Central Train Station of Glasgow


Though a very pocket friendly way to travel the city, hitchhiking can be very tricky if you are not being careful. It isn't the safest mode of transportation if you are not local and don’t know the city well. Hitchhiking in Scotland is legal, except where pedestrians are not allowed to walk such as motorways. Never attempt to hitchhike on the motorway and instead attempt to flag down a lift on a quieter road which will later lead on to the motorway.


Glasgow is well connected by road to other parts of Europe. The main approaches to Glasgow are from England, Edinburgh, Stirling and the Highlands. On-street parking is limited in the city and thus the best option for travelling by road is by hiring a cab.

If anyone is travelling from Ireland, there are a number of convenient ports that are close to Glasgow. The nearest ferry ports are Troon and Cairnryan for several daily ferries.

Moving Around

Glasgow is a city where you can find history in its every nook and cranny. If you want to divulge the originality of the city, you have to leave the usual transportation mode and look for a slower mode of transportation.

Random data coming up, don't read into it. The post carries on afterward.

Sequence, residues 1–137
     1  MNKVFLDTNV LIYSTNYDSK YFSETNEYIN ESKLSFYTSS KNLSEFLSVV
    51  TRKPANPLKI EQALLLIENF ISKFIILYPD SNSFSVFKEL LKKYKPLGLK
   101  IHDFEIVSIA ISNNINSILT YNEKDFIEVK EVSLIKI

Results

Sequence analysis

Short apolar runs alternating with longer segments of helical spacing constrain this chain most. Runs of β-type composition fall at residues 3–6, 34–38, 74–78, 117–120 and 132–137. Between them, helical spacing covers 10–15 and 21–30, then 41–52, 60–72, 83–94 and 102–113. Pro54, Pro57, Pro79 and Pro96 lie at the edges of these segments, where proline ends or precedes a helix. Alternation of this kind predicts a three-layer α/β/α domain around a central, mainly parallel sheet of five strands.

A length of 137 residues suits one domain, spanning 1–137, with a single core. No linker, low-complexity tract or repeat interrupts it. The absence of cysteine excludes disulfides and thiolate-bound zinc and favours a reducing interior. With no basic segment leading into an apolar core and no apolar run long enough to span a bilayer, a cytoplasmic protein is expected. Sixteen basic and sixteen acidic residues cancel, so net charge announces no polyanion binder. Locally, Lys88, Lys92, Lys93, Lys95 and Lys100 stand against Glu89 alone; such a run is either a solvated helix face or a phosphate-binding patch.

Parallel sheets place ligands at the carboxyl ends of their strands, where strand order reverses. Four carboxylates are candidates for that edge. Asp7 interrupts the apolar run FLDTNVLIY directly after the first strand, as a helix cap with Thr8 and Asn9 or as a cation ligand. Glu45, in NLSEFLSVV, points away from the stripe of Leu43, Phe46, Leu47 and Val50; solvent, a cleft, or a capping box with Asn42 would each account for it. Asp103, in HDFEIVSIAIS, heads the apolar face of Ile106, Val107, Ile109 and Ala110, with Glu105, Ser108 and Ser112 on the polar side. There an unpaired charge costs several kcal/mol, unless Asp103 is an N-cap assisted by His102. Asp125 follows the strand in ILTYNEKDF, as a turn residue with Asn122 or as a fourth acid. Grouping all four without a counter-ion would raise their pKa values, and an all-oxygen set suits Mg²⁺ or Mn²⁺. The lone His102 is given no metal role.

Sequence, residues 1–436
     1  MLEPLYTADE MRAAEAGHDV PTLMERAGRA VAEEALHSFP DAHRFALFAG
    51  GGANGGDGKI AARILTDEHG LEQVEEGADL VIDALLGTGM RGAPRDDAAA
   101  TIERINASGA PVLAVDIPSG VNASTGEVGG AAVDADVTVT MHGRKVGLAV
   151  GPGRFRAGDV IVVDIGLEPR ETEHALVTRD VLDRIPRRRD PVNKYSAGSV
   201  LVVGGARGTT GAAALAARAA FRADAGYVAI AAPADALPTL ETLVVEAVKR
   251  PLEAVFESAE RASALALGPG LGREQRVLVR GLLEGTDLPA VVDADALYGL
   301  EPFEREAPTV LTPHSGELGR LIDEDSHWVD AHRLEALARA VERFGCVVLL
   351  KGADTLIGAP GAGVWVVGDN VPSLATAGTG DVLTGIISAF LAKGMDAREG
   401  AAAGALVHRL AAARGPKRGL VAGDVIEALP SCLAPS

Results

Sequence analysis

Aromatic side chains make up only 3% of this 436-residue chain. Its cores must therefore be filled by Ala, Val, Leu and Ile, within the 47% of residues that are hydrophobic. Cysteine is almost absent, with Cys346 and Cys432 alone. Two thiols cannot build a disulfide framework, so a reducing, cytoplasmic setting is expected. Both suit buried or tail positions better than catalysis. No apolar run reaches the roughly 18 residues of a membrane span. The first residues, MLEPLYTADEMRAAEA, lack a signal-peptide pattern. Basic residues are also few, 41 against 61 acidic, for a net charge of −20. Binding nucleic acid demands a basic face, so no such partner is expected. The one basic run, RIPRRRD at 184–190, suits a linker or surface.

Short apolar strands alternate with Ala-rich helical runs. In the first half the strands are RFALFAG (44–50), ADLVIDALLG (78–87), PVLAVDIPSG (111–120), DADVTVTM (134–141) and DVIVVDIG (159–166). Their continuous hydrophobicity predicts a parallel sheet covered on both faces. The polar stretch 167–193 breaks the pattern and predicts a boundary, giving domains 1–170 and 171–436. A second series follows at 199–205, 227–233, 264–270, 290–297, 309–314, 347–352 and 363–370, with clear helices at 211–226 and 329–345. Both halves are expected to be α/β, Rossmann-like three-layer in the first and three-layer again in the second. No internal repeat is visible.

So, here are some of the modes of transportation you can choose.


Colourful buildings, beautiful streets with breathtaking history, if you prefer to be independent and like walking, which is designed to take you to the must-sees and some lesser-known sights. You will be amazed at how these self-guided tours can help you to know about Glasgow. If you are not confident to make it alone, you can always hire a local guide. Many tour guiding programs are held by the hotel itself.


An eco-friendly way to experience the city life, it's healthy and helps you to explore the city faster than your foot.

Electronic Vehicles

If you find walking and cycling a bit stressful, worry not. Public transport is the best option for you.

Public Bus

City bus services, mostly run by First Glasgow, are frequent. You can buy tickets when you board buses, but on most you must have the exact change.